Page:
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How do you get started with digital storytelling. The answer: slowly....

Digital storytelling projects are big and sloppy, they're not cookie cutter PowerPoint projects so often done in schools today. They are not Microsoft Publisher brochures done on biomes in cut-and-paste plagiarism style.

What they are original authentic stories by students, merged with voice, imagery, and music and that means they are complex, involve serious project management skills, and some dedicated roll-up-your-sleeves support. I'm just being honest.

But the result is worth it. We finally have a learning experience where technology is truly effective and adds value to the learning experience and takes learning to a place that could not be achieved unless the technology was present. But enough of my preaching. Here is how to get started, in no particular order:


1. Start small-select one or two teachers who are risk-takers and capable of stretching their comfort zone.

2. Choose wisely, make sure these individuals are respected and connected with their peers-this will go a long way in extending the fledgling digital storytelling initiative beyond this small pilot.

3. Build administrative support before beginning-show examples-and especially involve department chairs or other types of leaders because some individuals may have a difficult time understanding what students learn by doing digital storytelling projects.

4. Be sure you can answer that-what do students learn in this process? To get you started, here are some ideas. Be sure to consider learning vs. accomplishment..for ideas on this, see my digital storytelling blog, The Competitive Voice. Also, link digital storytelling to 21st Century Skills.

5. Be sure everything works technology-wise. Where will kids store their projects, where will the software be housed, which software will you choose, does the software perform within the constraints of your network, do you have sufficient scanner capacity?

6. As part of your pilot, develop a set of handouts prior to the first experience, so that during a general rollout you are using second generation support documents that have been modified as the result of the first experience.

7. Limit the projects. No video (at least initially), 20-25 images work well (don't go above-images become meaningless, don't go below-do PowerPoint instead), 2-3 minutes in length, one song. Do the voice-over last.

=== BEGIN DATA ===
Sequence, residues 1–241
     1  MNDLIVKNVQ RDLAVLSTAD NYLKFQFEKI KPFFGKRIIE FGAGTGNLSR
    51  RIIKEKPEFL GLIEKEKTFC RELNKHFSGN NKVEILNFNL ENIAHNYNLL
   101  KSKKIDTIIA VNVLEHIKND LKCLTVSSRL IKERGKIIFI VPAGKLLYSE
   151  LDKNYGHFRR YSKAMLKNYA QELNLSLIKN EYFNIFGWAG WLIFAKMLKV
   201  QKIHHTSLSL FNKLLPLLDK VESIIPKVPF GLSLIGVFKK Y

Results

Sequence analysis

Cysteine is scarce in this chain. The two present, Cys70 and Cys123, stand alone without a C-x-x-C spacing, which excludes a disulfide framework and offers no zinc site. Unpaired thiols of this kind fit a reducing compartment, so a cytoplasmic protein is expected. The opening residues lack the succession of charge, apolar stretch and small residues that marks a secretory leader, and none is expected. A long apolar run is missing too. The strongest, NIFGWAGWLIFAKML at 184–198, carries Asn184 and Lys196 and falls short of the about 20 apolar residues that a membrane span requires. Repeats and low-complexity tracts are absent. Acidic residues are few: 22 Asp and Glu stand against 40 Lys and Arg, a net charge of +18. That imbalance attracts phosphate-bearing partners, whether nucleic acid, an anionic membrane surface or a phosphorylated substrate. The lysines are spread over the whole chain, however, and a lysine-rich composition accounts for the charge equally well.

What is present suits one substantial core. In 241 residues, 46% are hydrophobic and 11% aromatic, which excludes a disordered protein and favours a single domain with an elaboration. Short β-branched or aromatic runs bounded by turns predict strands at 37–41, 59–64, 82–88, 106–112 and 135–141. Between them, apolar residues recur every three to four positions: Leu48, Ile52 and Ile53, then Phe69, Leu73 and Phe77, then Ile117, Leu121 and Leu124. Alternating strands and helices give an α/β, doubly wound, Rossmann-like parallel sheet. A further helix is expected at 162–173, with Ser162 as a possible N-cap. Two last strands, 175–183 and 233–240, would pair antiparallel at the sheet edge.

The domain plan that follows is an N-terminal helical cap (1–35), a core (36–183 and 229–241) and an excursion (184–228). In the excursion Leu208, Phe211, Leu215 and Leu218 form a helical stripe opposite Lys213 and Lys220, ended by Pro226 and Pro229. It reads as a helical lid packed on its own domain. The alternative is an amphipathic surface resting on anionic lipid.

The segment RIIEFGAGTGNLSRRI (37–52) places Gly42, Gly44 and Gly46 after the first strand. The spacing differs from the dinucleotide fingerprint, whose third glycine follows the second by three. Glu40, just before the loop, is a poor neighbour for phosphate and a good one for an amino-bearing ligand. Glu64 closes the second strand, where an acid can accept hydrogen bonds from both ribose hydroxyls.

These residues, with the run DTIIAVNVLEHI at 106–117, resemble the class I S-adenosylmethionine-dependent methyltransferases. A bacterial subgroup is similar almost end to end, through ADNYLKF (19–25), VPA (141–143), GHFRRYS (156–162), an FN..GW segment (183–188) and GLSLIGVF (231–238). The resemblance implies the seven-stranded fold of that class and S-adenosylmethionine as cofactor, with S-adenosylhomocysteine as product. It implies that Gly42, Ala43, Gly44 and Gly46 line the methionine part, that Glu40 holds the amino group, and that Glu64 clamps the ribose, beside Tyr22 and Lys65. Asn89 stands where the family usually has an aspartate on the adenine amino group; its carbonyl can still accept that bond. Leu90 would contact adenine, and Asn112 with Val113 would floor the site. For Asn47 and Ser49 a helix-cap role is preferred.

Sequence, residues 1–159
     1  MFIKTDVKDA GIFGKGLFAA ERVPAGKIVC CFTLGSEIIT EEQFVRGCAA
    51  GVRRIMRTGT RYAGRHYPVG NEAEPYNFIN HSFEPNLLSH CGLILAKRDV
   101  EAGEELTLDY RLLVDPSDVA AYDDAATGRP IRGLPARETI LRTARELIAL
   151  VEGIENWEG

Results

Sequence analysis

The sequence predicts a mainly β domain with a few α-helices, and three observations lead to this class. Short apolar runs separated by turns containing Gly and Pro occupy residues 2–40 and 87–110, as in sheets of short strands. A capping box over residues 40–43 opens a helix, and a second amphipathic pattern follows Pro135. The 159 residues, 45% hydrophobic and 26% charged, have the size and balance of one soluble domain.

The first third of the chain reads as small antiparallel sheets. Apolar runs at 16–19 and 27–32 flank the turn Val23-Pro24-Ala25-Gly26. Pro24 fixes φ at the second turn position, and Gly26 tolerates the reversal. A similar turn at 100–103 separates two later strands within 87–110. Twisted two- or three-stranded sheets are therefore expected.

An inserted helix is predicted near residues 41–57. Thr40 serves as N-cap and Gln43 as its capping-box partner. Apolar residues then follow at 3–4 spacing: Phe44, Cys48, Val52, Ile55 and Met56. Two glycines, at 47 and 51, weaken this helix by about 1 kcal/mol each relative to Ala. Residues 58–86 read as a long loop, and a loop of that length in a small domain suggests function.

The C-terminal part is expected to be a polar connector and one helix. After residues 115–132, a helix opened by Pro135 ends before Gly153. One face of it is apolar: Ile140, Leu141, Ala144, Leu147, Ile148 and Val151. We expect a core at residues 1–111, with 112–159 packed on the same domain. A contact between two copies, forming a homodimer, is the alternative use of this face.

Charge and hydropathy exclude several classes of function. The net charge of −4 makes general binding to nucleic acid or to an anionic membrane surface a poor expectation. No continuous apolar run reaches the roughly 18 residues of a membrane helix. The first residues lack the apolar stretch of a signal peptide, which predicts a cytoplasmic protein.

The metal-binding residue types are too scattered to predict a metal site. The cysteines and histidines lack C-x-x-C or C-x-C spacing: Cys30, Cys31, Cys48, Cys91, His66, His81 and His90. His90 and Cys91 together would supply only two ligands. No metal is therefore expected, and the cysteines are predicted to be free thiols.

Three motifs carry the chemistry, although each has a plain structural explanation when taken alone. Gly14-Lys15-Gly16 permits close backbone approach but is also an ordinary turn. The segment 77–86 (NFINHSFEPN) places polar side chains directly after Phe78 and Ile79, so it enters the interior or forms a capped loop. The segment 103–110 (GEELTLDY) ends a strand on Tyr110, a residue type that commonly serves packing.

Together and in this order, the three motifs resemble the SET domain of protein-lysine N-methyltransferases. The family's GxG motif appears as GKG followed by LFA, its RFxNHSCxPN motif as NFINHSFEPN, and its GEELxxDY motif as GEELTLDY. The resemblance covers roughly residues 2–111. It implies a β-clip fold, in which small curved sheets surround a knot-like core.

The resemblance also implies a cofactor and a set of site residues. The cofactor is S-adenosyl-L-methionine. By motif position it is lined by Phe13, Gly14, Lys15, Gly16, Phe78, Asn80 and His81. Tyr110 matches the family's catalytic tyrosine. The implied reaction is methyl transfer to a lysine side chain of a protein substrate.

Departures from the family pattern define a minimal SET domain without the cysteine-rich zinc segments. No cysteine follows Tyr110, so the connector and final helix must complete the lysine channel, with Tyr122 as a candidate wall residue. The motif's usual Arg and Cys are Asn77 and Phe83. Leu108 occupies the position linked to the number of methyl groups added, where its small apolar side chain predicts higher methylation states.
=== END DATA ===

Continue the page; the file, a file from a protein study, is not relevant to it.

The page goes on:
8. Stories should have a theme and they should be a story. This is not a project about how DNA makes proteins, or who were the major players in the American revolution. That's for some boring PowerPoint presentation. Instead, focus on the importance of Rosalind Franklin and her contributions to the unraveling of the structure of DNA and women in science; instead of reporting on George Washington, focus on revolution and stories of people changing the world.

9. Render the movies as Quicktime movies (Mac) or Windows Media Player (PC) movies. No DVD's, MPEGS, or Video CD's. Keep it simple....

10. Get good support from people who can and are willing to support students.

11. Buy good noise-canceling microphones and get a class set so everyone can record voice overs. Avoid the VOB (Voice-over Bottleneck).

12. I would always add images first, then transitions and then music and then voice. I think that in terms of composition, this makes the most sense. If you want to do it in another fashion, that's OK too. There are multiple pathways to an end.

13. Always, always, always share the stories. Digital stories provide insights about students almost never seen, their classmates now have a way to see that the girl with the blue hair across the room is actually not that different from them.

14. Be patient. Don't get frustrated.

15. Be ready to work hard.

16. Teachers should be experts in the software and full participants in the process. If done in a lab or a library, no grading papers! Conduct staff development before expanding your initiative.

17. Use what you learn in your pilot program to develop a staff development program on digital storytelling. Seek to involve the pilot members in staff development as teachers-always strive to build in-house capacity.

18. Share the products with parents at openhouses and with teachers during inservice.

19. Help students avoid P.T.S. (PowerPoint Transition Syndrome). Teach that transitions should not distract from the story; have them watch television commercials the night before-you just don't see the paper airplane flying away transition in Pepsi commercial.

20. Get ready for one of the best teaching experiences of your life...